3. Apparatus for vacuum cooling fruit and vegetable products and for preparing them for shipment comprising: a tank for said products, spray nozzles for water opening into said tank for discharge of water onto said products for cleaning the latter and for wetting them, a conduit communicating between the bottom of said tank inside the latter and said spray nozzles for circulation of water from said bottom to said nozzles, a filter in said conduit for filtering impurities washed from said products, means for closing said tank to ingress of air into the same, means communicating with the interior of said tank for evacuating the air therefrom and for withdrawal of the vapors of evaporation from products within said tank that are wetted by said water, and means connected with said conduit for replenishing water lost through evaporation and the removal of said vapors of evaporation.
4. Apparatus for vacuum cooling fruit and vegetable products and for preparing them for shipment comprising: a tank for said products having side wails and a top, water discharge nozzles along said side walls and said top directed generally toward the products adapted to be positioned in said tank, a drain opening formed in the bottom of said tank, a conduit connecting said discharge nozzles with said drain opening, means communicating withthe interior of said tank for evacuating the air and vapors of evaporation from within said tank and for inducing discharge of water into said tank through said discharge nozzles and means in said conduit for withdrawing liquid lfrom said tank against the force of v-acuum within the latter and for maintaining an air seal in said conduit.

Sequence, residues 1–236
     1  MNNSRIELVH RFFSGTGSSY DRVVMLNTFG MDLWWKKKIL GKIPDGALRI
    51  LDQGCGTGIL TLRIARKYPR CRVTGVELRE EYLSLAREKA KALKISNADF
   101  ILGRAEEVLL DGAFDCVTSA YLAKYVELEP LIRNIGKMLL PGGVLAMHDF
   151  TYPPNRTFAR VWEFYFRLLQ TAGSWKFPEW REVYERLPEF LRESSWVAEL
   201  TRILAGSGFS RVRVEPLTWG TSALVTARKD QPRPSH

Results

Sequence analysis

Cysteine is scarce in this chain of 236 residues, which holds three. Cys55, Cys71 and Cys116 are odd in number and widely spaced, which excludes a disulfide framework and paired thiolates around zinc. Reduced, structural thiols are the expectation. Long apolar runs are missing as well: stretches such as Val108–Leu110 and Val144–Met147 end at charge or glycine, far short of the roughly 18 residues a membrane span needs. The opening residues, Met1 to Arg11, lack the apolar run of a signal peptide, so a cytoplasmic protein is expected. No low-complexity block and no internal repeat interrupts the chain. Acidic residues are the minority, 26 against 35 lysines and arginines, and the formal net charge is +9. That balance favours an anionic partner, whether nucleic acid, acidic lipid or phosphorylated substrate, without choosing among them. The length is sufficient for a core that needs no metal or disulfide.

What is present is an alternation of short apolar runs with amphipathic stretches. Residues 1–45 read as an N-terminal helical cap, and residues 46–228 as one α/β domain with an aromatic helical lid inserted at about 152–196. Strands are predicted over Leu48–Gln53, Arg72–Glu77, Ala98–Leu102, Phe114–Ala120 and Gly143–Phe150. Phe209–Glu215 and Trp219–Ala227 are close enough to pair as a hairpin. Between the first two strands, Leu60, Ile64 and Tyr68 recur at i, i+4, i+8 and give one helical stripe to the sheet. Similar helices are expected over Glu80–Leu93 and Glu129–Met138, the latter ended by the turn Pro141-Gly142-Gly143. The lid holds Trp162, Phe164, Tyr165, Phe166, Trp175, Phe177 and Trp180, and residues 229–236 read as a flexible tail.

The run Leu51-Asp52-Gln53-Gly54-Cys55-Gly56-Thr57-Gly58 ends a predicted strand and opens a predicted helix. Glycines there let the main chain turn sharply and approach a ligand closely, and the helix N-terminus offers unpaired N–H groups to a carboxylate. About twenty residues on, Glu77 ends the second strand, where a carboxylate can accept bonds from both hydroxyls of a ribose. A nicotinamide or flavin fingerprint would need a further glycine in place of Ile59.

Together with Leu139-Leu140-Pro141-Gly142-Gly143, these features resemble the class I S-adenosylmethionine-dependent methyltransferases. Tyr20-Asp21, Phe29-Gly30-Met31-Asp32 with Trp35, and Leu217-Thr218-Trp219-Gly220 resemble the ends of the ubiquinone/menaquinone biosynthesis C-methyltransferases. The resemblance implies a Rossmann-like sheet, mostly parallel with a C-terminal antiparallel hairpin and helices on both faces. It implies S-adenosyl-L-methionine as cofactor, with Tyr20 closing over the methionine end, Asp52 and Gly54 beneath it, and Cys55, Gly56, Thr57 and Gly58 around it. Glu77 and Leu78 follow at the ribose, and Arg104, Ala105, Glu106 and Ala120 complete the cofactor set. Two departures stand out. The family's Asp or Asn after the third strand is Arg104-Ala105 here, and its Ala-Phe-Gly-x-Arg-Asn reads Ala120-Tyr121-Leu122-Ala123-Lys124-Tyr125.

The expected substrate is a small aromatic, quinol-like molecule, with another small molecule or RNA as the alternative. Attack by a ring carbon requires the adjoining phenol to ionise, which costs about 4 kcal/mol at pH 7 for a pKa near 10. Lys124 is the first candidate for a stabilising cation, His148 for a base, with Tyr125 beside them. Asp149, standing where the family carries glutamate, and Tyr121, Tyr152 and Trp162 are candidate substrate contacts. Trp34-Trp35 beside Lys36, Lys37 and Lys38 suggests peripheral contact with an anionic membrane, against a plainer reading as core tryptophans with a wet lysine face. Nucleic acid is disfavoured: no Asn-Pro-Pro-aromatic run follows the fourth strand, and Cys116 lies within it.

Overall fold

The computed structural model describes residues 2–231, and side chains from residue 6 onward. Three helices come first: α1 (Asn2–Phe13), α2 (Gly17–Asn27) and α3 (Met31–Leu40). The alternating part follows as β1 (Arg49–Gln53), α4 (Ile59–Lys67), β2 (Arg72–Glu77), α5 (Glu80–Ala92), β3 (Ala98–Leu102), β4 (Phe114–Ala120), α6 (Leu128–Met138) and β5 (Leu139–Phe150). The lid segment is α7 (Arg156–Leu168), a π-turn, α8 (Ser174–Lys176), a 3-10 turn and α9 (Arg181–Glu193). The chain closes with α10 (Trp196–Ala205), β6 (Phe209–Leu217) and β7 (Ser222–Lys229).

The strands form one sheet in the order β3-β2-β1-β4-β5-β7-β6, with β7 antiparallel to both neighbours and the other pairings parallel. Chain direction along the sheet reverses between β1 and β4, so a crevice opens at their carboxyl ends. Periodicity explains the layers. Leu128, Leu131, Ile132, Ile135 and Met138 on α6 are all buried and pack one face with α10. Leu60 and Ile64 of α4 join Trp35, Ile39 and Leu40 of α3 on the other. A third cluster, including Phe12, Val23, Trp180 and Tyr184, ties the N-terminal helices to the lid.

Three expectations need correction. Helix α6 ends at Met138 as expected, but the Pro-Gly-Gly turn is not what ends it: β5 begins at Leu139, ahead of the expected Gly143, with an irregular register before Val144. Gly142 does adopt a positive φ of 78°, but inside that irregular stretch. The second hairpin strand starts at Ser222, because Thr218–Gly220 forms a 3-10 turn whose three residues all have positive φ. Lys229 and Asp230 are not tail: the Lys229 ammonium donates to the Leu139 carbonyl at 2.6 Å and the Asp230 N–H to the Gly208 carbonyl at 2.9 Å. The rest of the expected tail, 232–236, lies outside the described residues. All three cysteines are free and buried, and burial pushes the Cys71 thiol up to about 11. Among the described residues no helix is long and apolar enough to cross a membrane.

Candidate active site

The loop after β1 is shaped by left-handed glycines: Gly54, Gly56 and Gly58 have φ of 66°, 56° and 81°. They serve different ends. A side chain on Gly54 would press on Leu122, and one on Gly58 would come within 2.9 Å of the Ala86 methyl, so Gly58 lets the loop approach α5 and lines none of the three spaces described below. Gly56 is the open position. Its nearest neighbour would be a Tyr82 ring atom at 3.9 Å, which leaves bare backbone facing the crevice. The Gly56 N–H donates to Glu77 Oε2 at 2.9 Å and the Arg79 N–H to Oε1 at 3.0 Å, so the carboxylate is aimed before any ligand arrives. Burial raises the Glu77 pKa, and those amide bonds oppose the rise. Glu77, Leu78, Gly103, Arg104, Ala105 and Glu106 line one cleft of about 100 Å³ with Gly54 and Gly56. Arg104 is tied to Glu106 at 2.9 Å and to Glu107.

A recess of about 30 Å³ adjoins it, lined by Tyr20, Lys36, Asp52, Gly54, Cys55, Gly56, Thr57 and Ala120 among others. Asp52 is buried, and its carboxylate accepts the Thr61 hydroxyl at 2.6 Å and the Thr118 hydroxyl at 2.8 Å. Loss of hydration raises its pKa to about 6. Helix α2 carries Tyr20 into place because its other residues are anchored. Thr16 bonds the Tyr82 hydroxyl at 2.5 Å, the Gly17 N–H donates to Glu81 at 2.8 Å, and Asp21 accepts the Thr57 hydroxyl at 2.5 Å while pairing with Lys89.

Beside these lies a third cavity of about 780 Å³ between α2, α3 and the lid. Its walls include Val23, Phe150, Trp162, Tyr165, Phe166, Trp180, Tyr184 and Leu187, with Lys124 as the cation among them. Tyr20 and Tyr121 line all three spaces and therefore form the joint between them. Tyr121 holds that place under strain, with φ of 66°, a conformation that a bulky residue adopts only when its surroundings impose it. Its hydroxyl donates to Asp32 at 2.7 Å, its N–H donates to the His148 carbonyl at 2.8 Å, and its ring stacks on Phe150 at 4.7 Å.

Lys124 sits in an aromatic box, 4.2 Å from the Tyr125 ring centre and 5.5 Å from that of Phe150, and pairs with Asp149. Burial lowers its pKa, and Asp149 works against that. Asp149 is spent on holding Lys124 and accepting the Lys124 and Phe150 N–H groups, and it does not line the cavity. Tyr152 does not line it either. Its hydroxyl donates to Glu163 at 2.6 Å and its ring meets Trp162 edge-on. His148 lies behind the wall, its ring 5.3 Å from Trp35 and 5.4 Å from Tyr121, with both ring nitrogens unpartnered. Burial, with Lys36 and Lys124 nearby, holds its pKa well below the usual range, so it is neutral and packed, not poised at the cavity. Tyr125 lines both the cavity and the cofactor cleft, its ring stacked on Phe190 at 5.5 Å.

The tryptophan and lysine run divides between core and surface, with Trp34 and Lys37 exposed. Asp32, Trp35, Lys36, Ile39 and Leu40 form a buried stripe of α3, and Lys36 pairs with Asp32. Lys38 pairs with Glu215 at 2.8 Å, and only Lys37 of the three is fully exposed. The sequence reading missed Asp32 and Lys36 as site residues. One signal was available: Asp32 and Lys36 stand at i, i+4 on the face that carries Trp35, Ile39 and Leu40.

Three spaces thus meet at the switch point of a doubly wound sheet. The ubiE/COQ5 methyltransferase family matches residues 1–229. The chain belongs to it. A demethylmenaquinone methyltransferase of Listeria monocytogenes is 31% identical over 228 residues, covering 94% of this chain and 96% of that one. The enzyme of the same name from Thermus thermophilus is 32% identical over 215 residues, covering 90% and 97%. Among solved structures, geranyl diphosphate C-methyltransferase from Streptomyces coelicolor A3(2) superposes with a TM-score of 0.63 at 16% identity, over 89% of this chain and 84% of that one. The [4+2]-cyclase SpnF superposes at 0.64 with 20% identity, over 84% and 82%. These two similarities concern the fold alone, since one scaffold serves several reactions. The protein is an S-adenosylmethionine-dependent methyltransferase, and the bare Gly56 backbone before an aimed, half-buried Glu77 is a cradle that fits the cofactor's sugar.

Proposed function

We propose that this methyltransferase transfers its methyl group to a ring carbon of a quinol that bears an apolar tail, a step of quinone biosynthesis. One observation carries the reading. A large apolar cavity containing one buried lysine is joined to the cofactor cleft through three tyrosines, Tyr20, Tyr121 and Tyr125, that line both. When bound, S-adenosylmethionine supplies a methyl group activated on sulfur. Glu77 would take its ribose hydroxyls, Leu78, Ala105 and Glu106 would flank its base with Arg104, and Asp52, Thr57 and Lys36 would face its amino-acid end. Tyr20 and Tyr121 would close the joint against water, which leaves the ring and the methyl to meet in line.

5. The method of preparing fruit and vegetable products for shipment, said method comprising the steps of: placing said pro-ducts at substantially atmospheric temperature within an enclosed space; evacuating air in said space until the absolute pressure therein is within the range of approximately 0.08 and 0.15 lb. per square inch; wetting the surface of said products for a length of time suicient to cause the temperature of said products Ito fall below atmospheric but to remain above the freezing temperatureV thereof; rapidly increasing the pressure within said space until it is substantially at atmospheric pressure; and then removing said products from said space.
6. The method of preparing fruit and vegetable products `for shipment, said method comprising the steps of: placing said products 4at substantially atmospheric temperature within an enclosed space; evacuating air in said space until the absolute pressure therein is within the range of lapproximately 0.08 and 0.15 lb. per square inch; intermittently spraying the surface of said products with water until they are at a temperature below atmospheric temperature but above the freezing temperature thereof; rapidly increasing the pressure in said space until it is substantially at atmospheric pressure; and then removing said products from said space.